Combining Tests Results across 2 Languages

We have been working on the question of how to best identify language impairment in bilinguals for a long time. One guideline that has been around for a long time is to test in both languages. In workshops and in presentations I often will repeat TEST IN BOTH LANGUAGES, test in both languages… But, how should results from two languages be combined?

There aren’t really any tested procedures for this. I think that generally we expect that children be low in both of their languages and it makes perfect sense. We don’t expect a child to demonstrate language impairment in only one language. That type of case would more likely be one of incomplete acquisition or language loss.

In a new paper by Peña, Bedore, & Kester, we tested two options for combining two languages using the semantics subtest of the BESA. One was to consider a total semantics score and the other was to use a 2-dimensional score. In both cases we used conceptual scoring– this is because the semantics subtest of the BESA has different items in each language. Both approaches worked pretty well.

For the total semantics score, we added the two standard scores. This allowed us to pool all the children regardless of their age. The mean for the typical bilinguals was 192 and the mean for the LI bilinguals was 135. The cut point was 163. This solution identified children with language impairment 93.3% correct (sensitivity) and identified typical children as typical with 85.7% accuracy (specificity).

The two-dimensional approach examined children’s scores in each language as a pair. If they were below the cut point in each language (88 for English, 85 for Spanish) then they were classified as having language impairment. This approach identified 93% of impaired children as impaired (sensitivity) and 97% of the typical children as typical (specificity).  Below, you can see an illustration of the process.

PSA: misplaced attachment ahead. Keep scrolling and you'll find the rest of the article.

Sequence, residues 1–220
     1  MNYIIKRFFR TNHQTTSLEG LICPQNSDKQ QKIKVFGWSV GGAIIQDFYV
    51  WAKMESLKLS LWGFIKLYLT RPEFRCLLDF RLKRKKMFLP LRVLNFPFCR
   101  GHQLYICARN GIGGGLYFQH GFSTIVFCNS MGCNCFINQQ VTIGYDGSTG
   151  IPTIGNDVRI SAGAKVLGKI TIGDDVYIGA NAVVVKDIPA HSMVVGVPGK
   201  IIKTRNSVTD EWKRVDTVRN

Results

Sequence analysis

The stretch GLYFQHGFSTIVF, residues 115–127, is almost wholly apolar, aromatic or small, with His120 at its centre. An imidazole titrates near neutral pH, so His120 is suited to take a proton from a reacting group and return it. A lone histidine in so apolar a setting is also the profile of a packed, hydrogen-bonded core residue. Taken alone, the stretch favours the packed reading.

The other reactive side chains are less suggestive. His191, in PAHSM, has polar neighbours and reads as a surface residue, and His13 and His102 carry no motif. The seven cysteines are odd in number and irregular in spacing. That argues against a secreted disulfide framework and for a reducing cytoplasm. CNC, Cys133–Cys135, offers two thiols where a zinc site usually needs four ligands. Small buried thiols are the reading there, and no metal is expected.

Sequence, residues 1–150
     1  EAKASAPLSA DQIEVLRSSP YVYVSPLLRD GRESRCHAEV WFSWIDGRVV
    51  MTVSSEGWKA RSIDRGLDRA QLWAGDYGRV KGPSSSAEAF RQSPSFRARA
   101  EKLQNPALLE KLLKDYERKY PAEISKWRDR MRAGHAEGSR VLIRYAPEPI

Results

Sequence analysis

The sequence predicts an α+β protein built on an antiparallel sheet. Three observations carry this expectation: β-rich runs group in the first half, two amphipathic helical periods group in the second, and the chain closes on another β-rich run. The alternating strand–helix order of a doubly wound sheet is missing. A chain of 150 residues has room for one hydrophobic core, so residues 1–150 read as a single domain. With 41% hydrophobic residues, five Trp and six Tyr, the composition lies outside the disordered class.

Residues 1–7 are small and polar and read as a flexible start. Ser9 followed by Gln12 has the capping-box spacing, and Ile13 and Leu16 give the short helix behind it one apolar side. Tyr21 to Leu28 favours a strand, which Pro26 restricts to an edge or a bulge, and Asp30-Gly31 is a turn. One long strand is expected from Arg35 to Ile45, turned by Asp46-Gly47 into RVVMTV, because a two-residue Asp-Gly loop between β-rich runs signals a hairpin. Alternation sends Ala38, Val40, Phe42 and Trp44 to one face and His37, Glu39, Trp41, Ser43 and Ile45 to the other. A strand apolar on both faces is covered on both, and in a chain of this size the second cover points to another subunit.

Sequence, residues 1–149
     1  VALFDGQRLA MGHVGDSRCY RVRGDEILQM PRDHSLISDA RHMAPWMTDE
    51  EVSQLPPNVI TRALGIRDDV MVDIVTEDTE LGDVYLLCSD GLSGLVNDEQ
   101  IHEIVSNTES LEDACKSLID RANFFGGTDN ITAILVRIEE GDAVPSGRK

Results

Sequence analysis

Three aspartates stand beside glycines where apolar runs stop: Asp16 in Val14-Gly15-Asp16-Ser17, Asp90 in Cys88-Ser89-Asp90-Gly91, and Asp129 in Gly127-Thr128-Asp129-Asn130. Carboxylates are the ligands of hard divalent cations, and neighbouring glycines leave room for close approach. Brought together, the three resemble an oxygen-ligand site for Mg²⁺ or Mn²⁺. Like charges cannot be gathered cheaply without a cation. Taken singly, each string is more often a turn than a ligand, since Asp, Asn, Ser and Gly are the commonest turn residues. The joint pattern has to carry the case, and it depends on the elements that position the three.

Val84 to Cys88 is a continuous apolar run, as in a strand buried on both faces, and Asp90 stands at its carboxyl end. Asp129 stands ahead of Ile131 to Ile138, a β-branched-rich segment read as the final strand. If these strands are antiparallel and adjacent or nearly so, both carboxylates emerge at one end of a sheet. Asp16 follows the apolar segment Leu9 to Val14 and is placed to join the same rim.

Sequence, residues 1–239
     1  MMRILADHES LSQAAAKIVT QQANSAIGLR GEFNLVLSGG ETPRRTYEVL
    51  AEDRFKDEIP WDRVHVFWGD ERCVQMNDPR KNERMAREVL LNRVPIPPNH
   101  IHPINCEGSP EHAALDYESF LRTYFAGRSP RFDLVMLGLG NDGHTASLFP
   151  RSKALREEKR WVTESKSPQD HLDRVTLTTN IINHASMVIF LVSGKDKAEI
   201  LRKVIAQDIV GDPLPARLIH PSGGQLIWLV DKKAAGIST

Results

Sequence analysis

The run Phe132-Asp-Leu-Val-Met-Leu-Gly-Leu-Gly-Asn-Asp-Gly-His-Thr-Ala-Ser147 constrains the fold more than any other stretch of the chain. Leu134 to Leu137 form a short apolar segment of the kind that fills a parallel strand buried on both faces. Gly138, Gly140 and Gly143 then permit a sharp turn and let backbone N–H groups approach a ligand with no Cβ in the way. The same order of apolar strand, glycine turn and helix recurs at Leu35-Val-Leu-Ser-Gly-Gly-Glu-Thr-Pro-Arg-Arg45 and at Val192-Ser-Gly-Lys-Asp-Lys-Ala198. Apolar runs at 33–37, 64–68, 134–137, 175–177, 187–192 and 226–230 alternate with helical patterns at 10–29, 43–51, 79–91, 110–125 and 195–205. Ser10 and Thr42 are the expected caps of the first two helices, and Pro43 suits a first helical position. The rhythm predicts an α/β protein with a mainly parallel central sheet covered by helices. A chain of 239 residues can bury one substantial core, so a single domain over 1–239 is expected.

xygraph 2 dimension

All in all, we’re pretty satisfied with this result. It would be interesting to see how well this approach would work for other tests that are available in two languages.

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  1. #1 by Nilou on December 28, 2015 - 5:00 pm

    Very intressering! well done.
    Actually, I am intresserad in finding a similar way to screening reading difficulties in bilingual children. I suppose that such an approach can also be applicable in terms of reading difficulties and bilingualism.

  2. #2 by Hermione on March 1, 2016 - 11:40 pm

    that was so fascinating

  3. #3 by Ayezah Ang on March 2, 2016 - 3:18 am

    i will share this to my friends

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  4. #4 by Maida Bermudez Bosch on February 2, 2017 - 5:34 pm

    This is very interesting. Do you think that based on this article you have discussed that other SLPs could use the same approach with different tests. For example: overal language standard score on the OWLS-2 and Spanish PLS-5 as one data point on the graph and then another data point for expressive and receptive vocabulary scores (PPVT/ EVT and EO/RO (Spanksh)? Also using language sample as well for additional data.

  5. #5 by Elizabeth D. Peña on February 2, 2017 - 5:44 pm

    Hi Maida
    In theory I think that it could be used for parallel tests in two languages or to display scores in L1 against scores in L2, but to pair them the two tests would have to be testing the same domain (so Spanish and English phonology, Spanish and English grammar, etc. and we have done with with the other tests on the BESA including phonology and grammar, as well as the parent and teacher reports) This certainly has been done for language sample data. To the extent that this would work to give you good diagnostic data is more dependent on whether the measure has good sensitivity/specificity in each language to start with.

  6. #6 by jual Fiforlif on March 7, 2017 - 3:47 am

    Hi to every , because I am genuinely keen of reading this
    web site’s post to be updated daily. It consists of nice information.

  1. Reporting Bilingual Results | 2 Languages 2 Worlds

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